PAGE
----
I recently had an interesting discussion with one of my colleagues regarding Feng Shui. She is a believer. She told me a story about a business located near Golden Gate Park in San Francisco. For years, businesses located on the spot failed one after the other, until one business owner invited a Feng Shui master to advise him. The master told the business owner that for the business to succeed, he must paint the walls of establishment a deep green. The business owner followed the advice and sure enough the business thrived in the same spot for the next 20 years.
When the owner finally retired, a new business went into the same location. The new owners repainted the walls a different color, and ever since then no business survived in that location for more than a few months. My colleague took the story as proof positive that Feng Shui works... I took the story as proof positive that people will believe anything.
It's not that I am saying that Feng Shui doesn't work, although I certainly don't believe that it does. What I am saying is that there is a serious problem with people drawing far reaching conclusions from anecdotal evidence or from urban myth and using those conclusions for making financial decisions. In this specific case the story was about Feng Shui, but it could just as easily have been about astrology, numerology or about financial tips from a semi-respectable business guru.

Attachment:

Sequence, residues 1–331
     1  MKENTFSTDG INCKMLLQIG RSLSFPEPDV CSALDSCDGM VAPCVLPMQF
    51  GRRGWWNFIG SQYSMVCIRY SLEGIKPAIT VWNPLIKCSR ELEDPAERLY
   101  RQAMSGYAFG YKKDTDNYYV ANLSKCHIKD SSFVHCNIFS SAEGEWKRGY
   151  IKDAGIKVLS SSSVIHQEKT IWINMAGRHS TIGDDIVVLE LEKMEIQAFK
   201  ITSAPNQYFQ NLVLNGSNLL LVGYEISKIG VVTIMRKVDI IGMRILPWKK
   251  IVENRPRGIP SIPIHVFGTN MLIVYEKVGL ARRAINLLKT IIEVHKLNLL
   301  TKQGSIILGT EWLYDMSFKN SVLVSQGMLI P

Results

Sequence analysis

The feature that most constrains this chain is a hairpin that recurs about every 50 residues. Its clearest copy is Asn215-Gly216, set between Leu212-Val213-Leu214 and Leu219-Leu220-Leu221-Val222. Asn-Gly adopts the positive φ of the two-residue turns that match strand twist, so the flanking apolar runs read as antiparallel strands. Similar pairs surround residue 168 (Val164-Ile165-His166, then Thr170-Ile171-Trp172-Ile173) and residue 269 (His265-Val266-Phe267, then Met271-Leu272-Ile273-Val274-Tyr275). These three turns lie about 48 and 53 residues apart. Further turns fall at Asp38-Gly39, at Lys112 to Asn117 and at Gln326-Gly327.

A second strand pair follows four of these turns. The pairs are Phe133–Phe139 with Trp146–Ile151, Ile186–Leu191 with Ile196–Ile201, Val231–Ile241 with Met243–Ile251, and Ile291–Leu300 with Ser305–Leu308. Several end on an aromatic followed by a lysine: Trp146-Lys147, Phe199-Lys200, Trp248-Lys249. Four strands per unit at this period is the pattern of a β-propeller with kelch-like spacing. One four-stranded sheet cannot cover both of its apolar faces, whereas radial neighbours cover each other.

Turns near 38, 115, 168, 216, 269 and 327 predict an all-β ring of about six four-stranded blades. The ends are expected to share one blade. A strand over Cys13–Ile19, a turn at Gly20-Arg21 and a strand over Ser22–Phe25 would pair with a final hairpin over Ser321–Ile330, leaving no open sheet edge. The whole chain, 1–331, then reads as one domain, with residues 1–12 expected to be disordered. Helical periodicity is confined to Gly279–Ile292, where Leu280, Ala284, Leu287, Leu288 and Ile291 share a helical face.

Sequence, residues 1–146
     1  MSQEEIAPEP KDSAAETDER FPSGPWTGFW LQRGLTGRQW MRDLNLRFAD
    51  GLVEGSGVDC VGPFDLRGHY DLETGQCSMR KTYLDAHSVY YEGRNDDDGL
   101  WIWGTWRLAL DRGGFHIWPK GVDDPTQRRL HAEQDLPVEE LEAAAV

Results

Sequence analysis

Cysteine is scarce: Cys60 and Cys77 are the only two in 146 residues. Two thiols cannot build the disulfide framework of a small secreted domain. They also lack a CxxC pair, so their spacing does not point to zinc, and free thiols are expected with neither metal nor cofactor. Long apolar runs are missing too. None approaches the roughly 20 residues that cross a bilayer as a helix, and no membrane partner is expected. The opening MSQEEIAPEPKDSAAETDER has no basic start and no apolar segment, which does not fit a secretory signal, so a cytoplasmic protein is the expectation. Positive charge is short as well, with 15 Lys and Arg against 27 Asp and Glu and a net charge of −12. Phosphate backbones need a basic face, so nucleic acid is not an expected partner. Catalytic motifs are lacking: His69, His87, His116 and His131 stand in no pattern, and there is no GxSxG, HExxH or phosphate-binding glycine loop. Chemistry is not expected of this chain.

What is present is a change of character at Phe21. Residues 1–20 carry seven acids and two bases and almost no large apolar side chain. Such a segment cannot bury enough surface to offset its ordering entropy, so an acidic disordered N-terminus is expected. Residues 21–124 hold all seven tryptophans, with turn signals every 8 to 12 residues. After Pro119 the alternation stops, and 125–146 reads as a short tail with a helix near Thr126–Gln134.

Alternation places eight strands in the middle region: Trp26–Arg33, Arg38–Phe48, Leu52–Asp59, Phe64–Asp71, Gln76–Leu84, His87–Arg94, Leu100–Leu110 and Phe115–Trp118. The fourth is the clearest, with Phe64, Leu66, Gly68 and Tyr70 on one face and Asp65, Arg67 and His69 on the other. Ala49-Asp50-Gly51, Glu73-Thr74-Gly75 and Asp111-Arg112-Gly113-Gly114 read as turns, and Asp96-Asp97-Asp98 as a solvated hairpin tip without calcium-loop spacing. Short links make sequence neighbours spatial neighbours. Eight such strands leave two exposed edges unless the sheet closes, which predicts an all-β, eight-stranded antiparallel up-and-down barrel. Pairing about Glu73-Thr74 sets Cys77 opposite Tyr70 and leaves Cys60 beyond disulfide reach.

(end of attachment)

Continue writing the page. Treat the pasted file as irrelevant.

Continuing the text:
In addition, I have a problem in principal with people that are willing to believe that something like the color of their walls is a decisive factor in the success or failure of a business venture. After all, if all it takes to succeed in business is the right coat of paint, why work hard? Why come up with a business plan? Why hire the best employees? Why advertise or focus on customer service? All you need to do is get a brush and three gallons of paint, and voila, problem solved.
This line of thinking extends to personal finance. People invest their hard earned money based upon unproven theories, hot tips and wild speculation. Think I am wrong? Consider "technical stock analysts" - there is not a shred of scientific evidence to show that there is any real basis to this investment strategy, yet there are hoards of people that make buying and selling decisions based on it. Trusting in such fiction gives some people a sense of control in what is essentially a chaotic and unpredictable environment. Personally, I'll take those boring index funds, that have been repeatedly shown to beat a large majority of actively traded funds.